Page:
She uses these words to test Macbeth to conceal how bad what he has to do is and see how he will react to the possibility of murder. She also makes him feel guilty and meagre by saying, “What beast wasn’t then. That made you break this enterprise to me? Lines 48-49. She says “to me” as if she is something almost like a force not to be reckoned with. She tells him about how great it would be if he killed Duncan “Which thou esteem’st the ornament of life meaning The crown which she refers to as the highest achievement of life act 1 scene 7. Lady Macbeth plays mind games with him by making him want to murder Duncan in order to prove his manhood. She calls him a “coward” line 43 act 1 scene 7 which makes him then go on to say “I dare do all that may become a man ” line 46 act 1 scene 7. Macbeth is undone by his inability to hold his own moral ground, his constant need to feel secure and his need to prove his manhood to his wife despite feeling extremely scared.
After the murder Lady Macbeth is very practical and sharp with Macbeth, she tries to make Macbeth overlook what he has done even though he feels extreme guilt. She cannot stand him talking about how sorry he is as it frustrates her. She tries to be as nice as possible and says “consider it not so deeply” line 33 (Act 2 scene 2) and “These deeds must not be thought…it will make us mad”. Lines 37-38 (act 2 scene 2) despite her continued false comfort he is obviously distraught by his actions which conveyed in line 46 (act 2 scene 2) “Macbeth shall sleep no more” After Macbeth’s guilt and continued worry Lady Macbeth begins to get frustrated and asks him why is crying. She does not want to turn like Macbeth (full of guilt) so she dismisses his hallucinations and as she looks away from his face she notices the two daggers he used for the murder covered in blood. At this point she immediately snaps at her husband “Go get some water and wash this filthy witness from your hand. Why did you bring these daggers from the place? They must lie there. Go carry them and smear the sleepy grooms with blood” lines 50-53 (act 2 scene 2). Lady Macbeth presumes that by washing away the blood from the daggers it will clear the evidence as well as the whole situation and make them forget. Macbeth consequently refuses but he could have stood up for himself more.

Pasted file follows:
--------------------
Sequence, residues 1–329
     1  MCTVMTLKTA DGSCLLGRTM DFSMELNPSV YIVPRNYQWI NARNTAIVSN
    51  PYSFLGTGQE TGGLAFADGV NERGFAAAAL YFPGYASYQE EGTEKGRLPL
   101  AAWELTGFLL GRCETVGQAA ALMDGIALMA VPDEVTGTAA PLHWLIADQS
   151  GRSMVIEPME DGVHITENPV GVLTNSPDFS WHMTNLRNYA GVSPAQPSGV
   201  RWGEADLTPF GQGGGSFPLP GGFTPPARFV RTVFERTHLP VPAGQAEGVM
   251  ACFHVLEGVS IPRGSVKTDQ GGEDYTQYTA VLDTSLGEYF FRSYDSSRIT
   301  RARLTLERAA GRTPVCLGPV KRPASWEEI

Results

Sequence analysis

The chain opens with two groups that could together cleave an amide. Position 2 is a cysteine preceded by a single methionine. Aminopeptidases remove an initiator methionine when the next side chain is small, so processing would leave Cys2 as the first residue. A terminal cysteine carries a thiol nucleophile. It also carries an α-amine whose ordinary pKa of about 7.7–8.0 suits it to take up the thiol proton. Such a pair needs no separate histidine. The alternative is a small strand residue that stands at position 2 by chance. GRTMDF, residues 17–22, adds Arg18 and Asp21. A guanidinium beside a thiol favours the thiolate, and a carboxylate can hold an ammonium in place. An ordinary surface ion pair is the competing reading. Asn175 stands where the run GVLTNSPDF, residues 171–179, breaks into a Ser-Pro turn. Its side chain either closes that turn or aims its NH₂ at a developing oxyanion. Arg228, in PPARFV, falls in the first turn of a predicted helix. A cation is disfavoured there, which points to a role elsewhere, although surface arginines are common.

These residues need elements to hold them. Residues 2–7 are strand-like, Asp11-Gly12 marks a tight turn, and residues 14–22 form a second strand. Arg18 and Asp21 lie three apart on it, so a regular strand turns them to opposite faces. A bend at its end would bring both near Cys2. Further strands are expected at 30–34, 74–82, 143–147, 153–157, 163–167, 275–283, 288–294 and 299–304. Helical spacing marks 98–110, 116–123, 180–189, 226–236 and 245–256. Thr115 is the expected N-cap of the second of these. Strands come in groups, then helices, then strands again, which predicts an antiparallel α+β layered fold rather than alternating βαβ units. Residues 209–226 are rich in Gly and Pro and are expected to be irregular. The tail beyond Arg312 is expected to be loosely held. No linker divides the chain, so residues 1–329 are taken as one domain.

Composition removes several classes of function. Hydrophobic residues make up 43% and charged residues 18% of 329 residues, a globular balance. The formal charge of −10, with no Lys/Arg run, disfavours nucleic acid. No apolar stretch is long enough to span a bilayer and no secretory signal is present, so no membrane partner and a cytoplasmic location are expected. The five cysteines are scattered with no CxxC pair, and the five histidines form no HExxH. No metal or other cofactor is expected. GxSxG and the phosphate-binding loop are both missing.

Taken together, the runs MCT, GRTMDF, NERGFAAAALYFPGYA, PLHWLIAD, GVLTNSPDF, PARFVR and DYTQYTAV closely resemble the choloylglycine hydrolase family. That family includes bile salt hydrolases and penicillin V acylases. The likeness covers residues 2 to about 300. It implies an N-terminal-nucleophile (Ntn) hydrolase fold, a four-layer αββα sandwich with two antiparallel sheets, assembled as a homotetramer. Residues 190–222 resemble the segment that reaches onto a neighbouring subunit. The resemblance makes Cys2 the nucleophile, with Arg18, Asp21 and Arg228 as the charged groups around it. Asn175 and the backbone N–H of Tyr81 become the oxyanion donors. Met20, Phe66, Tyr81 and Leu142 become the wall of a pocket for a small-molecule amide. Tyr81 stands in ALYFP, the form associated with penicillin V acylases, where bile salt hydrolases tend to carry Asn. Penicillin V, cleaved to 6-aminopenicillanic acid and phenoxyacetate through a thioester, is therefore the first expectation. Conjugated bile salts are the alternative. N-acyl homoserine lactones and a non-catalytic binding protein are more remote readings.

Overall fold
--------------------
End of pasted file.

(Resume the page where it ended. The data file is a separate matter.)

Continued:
Despite her initial calmness and calculation, In act 5 scene 1 Lady Macbeth is initially conquered by inner demons. In a sleepwalking scene, she reveals her guilty feelings and tries to wash invisible blood from her hands. You can see this in line 22 “Look how she rubs her hands”. Whilst sleepwalking Lady Macbeth quotes fragments of words from conversations she and Macbeth had about the murders of Lady Macduff, Banqo, and Duncan- she is tortured by the images of these murders and she continually has flash backs of the murders. Her death is reported a few scenes later. This act is completely ironic to what she said to Macbeth after the murder about him brushing away his fears. Consequently he ends up being a mass murderer and the things she ‘brushed’ away came back to haunt her. After the murder Lady macbeth begins to speak in prose which was spoken by the lower class community and not the upper class who spoke in blank verse. This signifies how Lady Macbeth’s character has disintegrated and she has gone mad.
Lady Macbeth is very self aware at the beginning of the play and almost very strong and mean. She rules her husband and is very determined. Although, when she wants something she somehow changes into a sweet, innocent person to get her own way, then goes back to her normal abusive character when her sweetness isn’t working. Therefore getting her very frustrated. Between Act 2 scene 2 and Act 5 scene 1 her character has disintegrated and she has turned pitiful and feeble and all of her majesty has gone. Act 5 scene 1 in a sense is a weak portrait of the same woman we saw in Act 2 scene 2.